In an attempt to separate themselves from your regular fast food joint the food at the Beacon is served in a manner which the owners have labeled a-plenty. If you truly want to have the complete experience, your food must be ordered in this fashion. Upon receiving your a-plenty platter you will notice that the chili cheese burger you ordered is not immediately visible. Don't worry! Just dig a little bit through the several inch thick congealed mass of fries and onion rings deep into the heart of darkness and you will find your main course buried inside, a kind of cracker jack box culinary treasure for you to enjoy right in time for the new installment of the Indiana Jones films.
You must at all costs eat the fries and rings first - they have a half-life shorter than the majority of known radioactive elements. Hot and greasy = deliciousness. Cold and soggy = barftacularity. Then eat the hamburger if you still have room. I will bet you cannot. I always feel safe making this wager - according to my completely made up statistics (according to Steven Wright 47.4% of statistics are made up on the spot) 87% of people who finish an a-plenty either die or become too obese and sickly to collect their winnings. Honestly, people under 6 feet tall are unable to see over the top of an a plenty platter without assistance.
Oh wait - there's more! Large parties will also receive a strawberry shortcake that they have absolutely no sane reason to eat.
Of course, you need a tasty beverage with which to wash down this cholesterol-laden cardiac nightmare. The only way to make your meal complete is to have a glass of the Beacon's famous sweet tea.
The restaurant sells more tea than any other in the entire United States. That is because it is no ordinary tea, but rather a sugar-filled explosion bound to send anyone with diabetes into shock if they merely dare to approach a cup of the stuff. Alarm bells ring urging the tooth fairy into action whenever a glass of the tea is raised. The state of Hawaii credits The Beacon with its impressive sugar production and sales. Hawaii governor Illiiawuaka Onomonopoeia, when asked about the Beacon, exclaimed, "I hate haoles (Hawaiian term for whitey)with a passion, but those folks in Spartanburg are welcome to visit any time."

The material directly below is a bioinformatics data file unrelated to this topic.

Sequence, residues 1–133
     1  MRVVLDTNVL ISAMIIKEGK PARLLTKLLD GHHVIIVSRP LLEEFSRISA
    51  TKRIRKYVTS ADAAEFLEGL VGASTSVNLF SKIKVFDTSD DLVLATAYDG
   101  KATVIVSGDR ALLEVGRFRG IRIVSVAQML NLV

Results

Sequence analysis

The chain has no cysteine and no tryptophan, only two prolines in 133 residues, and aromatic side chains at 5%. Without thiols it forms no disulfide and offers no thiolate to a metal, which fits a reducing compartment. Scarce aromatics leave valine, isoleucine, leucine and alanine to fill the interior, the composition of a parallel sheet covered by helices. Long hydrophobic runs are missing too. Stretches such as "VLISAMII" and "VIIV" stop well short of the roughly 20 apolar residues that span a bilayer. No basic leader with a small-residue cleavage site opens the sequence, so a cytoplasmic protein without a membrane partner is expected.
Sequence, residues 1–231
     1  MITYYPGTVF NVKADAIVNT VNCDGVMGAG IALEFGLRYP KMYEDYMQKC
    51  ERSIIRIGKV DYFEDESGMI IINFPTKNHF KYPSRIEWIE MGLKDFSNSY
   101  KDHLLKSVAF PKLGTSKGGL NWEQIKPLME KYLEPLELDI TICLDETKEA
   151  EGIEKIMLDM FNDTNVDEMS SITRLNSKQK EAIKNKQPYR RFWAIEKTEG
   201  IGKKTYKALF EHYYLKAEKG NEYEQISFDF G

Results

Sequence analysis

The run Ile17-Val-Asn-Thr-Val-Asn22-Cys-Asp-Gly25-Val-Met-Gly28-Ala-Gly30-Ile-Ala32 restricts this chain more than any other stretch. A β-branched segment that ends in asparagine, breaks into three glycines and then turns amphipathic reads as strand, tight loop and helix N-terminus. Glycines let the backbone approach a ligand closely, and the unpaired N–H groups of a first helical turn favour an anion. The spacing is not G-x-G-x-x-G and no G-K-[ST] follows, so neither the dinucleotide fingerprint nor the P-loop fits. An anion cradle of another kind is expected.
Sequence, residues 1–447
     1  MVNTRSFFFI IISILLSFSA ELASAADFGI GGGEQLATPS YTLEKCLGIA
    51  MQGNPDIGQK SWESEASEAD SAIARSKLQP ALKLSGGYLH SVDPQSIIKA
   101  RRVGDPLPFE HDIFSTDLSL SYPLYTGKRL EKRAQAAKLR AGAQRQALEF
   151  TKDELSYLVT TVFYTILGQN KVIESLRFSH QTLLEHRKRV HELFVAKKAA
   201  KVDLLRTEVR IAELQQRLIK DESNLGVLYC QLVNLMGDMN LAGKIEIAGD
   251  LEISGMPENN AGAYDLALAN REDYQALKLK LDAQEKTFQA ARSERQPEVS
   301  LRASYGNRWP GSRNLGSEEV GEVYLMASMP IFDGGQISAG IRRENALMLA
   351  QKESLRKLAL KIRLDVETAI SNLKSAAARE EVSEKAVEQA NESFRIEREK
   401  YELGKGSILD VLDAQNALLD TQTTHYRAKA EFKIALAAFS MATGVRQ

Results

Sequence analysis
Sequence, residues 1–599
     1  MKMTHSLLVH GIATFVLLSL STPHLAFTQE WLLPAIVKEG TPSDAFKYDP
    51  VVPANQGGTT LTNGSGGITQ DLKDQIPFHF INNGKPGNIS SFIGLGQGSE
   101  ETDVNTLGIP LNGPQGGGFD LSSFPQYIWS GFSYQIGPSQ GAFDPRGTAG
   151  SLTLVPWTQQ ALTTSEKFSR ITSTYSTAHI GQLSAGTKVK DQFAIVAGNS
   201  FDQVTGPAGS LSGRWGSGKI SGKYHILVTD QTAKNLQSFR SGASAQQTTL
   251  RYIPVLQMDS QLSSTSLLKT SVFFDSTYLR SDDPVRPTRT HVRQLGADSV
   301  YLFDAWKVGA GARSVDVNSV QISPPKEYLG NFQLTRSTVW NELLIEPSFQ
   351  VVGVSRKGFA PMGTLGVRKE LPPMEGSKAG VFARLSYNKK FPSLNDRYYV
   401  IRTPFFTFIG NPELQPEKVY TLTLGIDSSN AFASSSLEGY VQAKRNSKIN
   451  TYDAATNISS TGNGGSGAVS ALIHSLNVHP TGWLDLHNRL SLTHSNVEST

I mentioned earlier that a blind man works the counter at The Beacon Drive-Thru. How can I be so sure he will be there for your visit? The Beacon is well-known for the loyalty of its employees, many of whom have worked there for twenty, thirty, and even forty years. If you come in by the front door, there is a plaque to the left listing some of the longest serving workers. A couple of individuals even slung burgers or car-hopped until the day they died.
I have been to the restaurant several times over a fifteen year period and Blind Willie (probably not his real name) is always there, screaming out orders in machine gun staccato blasts that would make an auctioneer proud.
That ends our tour of the Beacon-Drive Thru. Next time you are so hungry that you feel a complete disregard for your future health, head on down to Spartanburg and try it for yourself. The Beacon is much more than a meal, it is a once-in-a-lifetime experience. So siphon some gas from your roommate's car and shoot on down I-85 to visit. If you can avoid cardiac arrest, you will be glad you did.